The Beatles ain’t changing their image for anyone — not even Disney.
The British rock group teamed up with director Peter Jackson to release their long-awaited musical documentary, “Get Back,” now streaming on Disney+.
The series includes several scenes featuring smoking and explicit language; however, the group refused to have them removed.
The three-part show includes a disclaimer from the streamer ahead of each episode that reads: “This footage contains explicit language, mature themes and smoking.”
The “Lord of the Rings” director, 60, explained in an interview with NME that Beatles members Paul McCartney, 79, and Ringo Starr, 81, refused to have the swearing eliminated from the final product.
“Paul [McCartney] describes it as being very raw,” Jackson said. “He said to me: ‘That is a very accurate portrayal of how we were then.’ Ringo [Starr] said: ‘It’s truthful.’ The truthfulness of it is important to them. They don’t want a whitewash.”
The new Zealand-born filmmaker added, “They don’t want it to be sanitized. Disney wanted to remove all the swearing and Ringo, Paul, and Olivia [Harrison] said ‘That’s how we spoke. That’s how we talked. That’s how we want the world to see us.’”
“When [McCartney and Starr] got to see the finished thing, I was expecting notes. It would’ve just been normal to get a note saying: ‘Oh, that bit where I say that — could you cut that out?’ Or ‘Could you shorten the conversation there?’ And I didn’t get a single note,” Jackson continued, noting how the band members didn’t want to change anything. “Not one request to do anything. One of them said that they watched it and found it one of the most stressful experiences of their entire life. ‘But I’m not gonna give you any notes.’”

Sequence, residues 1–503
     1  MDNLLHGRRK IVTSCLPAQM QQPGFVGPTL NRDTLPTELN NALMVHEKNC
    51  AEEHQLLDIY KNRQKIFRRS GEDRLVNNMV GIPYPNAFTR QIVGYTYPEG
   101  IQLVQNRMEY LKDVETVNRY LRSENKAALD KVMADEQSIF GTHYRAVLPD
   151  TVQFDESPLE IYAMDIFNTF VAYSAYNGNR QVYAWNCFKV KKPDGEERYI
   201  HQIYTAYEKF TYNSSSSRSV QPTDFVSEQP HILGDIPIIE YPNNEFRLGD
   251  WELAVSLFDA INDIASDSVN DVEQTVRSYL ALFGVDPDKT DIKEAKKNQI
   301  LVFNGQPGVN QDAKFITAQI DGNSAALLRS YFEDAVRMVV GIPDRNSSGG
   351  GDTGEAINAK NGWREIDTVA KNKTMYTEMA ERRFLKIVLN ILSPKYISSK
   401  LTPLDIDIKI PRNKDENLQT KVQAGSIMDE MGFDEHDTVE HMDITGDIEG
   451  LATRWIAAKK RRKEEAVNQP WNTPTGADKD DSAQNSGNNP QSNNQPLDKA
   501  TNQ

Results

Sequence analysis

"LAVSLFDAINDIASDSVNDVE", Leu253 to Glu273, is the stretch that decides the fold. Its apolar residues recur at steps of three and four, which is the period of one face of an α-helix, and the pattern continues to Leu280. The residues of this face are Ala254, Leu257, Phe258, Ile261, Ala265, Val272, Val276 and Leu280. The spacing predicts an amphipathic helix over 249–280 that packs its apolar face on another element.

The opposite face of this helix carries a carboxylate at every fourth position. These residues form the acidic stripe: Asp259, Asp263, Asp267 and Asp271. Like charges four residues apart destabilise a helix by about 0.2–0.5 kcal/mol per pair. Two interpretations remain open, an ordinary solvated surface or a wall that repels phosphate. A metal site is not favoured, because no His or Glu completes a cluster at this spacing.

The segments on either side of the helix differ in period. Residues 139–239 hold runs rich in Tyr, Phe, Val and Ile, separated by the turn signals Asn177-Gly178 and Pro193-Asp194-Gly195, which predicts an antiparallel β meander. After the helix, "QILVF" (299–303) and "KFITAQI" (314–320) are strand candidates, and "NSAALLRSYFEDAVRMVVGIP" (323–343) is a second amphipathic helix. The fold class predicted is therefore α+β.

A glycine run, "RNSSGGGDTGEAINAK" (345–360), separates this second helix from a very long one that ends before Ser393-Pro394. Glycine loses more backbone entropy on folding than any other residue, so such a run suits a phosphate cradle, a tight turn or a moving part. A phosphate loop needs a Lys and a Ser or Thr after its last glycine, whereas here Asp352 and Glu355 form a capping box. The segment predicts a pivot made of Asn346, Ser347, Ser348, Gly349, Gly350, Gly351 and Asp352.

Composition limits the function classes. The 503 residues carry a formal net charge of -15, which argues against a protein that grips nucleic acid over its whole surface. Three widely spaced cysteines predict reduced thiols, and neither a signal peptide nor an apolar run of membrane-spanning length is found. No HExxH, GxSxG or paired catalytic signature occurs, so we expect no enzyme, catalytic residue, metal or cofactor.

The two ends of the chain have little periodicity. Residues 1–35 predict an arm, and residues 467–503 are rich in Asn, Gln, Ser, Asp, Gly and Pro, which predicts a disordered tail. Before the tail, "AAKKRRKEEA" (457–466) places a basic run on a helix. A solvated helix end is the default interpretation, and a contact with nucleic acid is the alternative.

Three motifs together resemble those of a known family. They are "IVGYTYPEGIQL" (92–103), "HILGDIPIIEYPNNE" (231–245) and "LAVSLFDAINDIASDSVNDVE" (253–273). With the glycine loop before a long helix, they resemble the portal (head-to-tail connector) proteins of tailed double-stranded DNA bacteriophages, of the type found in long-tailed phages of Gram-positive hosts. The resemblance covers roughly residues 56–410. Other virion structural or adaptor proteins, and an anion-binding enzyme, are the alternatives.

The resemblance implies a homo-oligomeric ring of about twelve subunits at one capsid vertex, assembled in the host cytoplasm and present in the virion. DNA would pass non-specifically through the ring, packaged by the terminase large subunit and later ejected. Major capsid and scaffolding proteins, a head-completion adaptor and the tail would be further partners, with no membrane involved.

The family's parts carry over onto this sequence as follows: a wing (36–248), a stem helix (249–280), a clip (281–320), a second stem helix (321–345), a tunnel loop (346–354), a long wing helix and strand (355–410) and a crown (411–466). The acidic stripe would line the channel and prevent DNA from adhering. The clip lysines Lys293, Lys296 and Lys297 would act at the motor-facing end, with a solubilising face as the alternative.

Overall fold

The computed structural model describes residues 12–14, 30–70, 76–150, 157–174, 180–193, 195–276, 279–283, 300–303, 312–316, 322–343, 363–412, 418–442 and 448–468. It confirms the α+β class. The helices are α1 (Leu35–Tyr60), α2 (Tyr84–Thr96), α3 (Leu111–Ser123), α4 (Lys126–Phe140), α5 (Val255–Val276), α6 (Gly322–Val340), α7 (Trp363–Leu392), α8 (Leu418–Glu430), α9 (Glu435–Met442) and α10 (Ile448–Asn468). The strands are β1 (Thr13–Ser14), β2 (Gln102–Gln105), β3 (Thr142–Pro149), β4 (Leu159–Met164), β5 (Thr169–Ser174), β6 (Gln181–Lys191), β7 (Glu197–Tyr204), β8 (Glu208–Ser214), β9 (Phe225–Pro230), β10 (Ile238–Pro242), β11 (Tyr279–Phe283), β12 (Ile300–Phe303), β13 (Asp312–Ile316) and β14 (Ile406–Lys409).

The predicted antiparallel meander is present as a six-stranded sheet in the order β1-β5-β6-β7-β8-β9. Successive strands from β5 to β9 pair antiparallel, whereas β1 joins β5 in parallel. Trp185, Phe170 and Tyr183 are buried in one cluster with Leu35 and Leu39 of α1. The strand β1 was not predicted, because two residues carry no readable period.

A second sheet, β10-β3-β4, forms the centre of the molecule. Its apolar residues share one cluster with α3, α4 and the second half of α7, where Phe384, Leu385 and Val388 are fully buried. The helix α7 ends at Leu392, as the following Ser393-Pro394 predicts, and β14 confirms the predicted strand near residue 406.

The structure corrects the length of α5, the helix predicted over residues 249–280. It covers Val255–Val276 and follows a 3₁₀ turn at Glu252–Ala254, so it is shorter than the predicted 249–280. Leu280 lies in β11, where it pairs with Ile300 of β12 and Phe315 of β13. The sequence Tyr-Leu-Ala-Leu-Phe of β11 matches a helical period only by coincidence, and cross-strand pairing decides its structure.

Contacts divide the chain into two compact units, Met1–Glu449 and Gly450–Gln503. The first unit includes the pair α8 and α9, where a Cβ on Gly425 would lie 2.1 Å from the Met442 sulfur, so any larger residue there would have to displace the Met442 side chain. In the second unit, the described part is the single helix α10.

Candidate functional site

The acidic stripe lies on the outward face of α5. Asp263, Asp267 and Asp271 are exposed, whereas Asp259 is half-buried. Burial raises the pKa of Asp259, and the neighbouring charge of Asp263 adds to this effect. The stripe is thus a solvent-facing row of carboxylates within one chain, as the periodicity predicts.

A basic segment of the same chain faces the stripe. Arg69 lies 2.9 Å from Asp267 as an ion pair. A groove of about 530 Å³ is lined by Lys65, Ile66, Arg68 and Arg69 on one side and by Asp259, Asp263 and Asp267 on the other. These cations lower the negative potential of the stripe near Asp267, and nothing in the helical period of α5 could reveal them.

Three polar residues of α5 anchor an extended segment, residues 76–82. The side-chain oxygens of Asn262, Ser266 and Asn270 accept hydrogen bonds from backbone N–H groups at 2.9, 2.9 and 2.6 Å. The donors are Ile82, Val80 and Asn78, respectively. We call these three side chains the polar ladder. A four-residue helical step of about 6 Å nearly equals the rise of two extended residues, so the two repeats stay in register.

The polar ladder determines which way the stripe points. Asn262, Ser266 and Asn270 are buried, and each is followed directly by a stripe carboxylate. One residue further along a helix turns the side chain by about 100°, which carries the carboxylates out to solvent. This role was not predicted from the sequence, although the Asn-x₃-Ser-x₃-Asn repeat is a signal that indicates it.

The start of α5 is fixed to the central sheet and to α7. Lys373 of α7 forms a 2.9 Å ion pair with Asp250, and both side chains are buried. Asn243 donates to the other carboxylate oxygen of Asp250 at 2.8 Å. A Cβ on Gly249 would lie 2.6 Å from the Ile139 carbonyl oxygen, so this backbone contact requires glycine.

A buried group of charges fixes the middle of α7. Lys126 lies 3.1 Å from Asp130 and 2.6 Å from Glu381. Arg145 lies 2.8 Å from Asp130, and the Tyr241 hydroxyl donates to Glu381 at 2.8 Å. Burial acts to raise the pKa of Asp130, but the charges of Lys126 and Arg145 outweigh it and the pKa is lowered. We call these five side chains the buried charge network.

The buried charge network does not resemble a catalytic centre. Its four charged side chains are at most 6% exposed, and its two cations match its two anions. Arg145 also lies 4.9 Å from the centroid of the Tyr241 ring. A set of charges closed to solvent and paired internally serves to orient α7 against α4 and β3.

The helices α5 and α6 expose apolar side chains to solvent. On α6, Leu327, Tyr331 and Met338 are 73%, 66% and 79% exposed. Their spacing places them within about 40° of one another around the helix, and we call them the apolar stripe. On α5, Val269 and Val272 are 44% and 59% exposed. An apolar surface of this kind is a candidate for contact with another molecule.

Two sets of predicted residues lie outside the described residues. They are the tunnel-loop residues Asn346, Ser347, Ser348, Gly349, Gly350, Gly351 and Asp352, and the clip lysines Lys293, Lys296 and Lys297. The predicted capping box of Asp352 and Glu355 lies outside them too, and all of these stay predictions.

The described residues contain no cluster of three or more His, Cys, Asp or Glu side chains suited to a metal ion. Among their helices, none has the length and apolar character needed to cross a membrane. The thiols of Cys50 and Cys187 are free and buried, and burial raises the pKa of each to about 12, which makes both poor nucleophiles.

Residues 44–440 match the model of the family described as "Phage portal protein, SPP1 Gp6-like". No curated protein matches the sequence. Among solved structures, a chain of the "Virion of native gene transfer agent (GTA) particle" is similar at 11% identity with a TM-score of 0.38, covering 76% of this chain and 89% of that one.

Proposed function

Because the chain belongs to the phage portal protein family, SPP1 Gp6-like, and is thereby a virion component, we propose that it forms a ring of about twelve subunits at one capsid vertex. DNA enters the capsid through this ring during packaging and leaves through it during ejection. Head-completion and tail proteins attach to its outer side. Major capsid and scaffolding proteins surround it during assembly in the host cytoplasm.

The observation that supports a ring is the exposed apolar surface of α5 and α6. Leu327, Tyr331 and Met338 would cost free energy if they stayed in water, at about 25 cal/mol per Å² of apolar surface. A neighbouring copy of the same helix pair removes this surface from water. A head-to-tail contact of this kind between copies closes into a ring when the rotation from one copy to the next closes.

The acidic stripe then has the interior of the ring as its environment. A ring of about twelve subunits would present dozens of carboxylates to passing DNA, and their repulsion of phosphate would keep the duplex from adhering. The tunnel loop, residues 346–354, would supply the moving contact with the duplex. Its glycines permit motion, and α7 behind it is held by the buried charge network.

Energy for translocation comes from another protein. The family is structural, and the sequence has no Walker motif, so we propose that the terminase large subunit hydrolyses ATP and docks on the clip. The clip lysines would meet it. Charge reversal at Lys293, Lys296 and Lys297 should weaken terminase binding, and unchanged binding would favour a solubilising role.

Each episode has a lengthy runtime of between two and three hours. Of the long runtime, Jackson said, “I’d like to say that I didn’t really leave out anything that I thought was important … which is why the duration has crept up to what it is today.”
The “King Kong” director said he was afraid of leaving out important footage, and therefore, the episodes had to stay over two hours each. “I felt acutely — and this is the Beatles fan part of me kicking in — anything I don’t include in this movie might go back in the vault for another 50 years. I was seeing and hearing these amazing moments. I thought: ‘God, people have got to see this. This is great. They have to see this,’” Jackson concluded.
The series featured the band’s songwriting and singing processes, as well as the struggles they underwent as friends and bandmates. The special showcased never-before-seen footage from the foursome’s January 1969 recording session and final live London show on the rooftop of Apple Corps headquarters on Savile Row.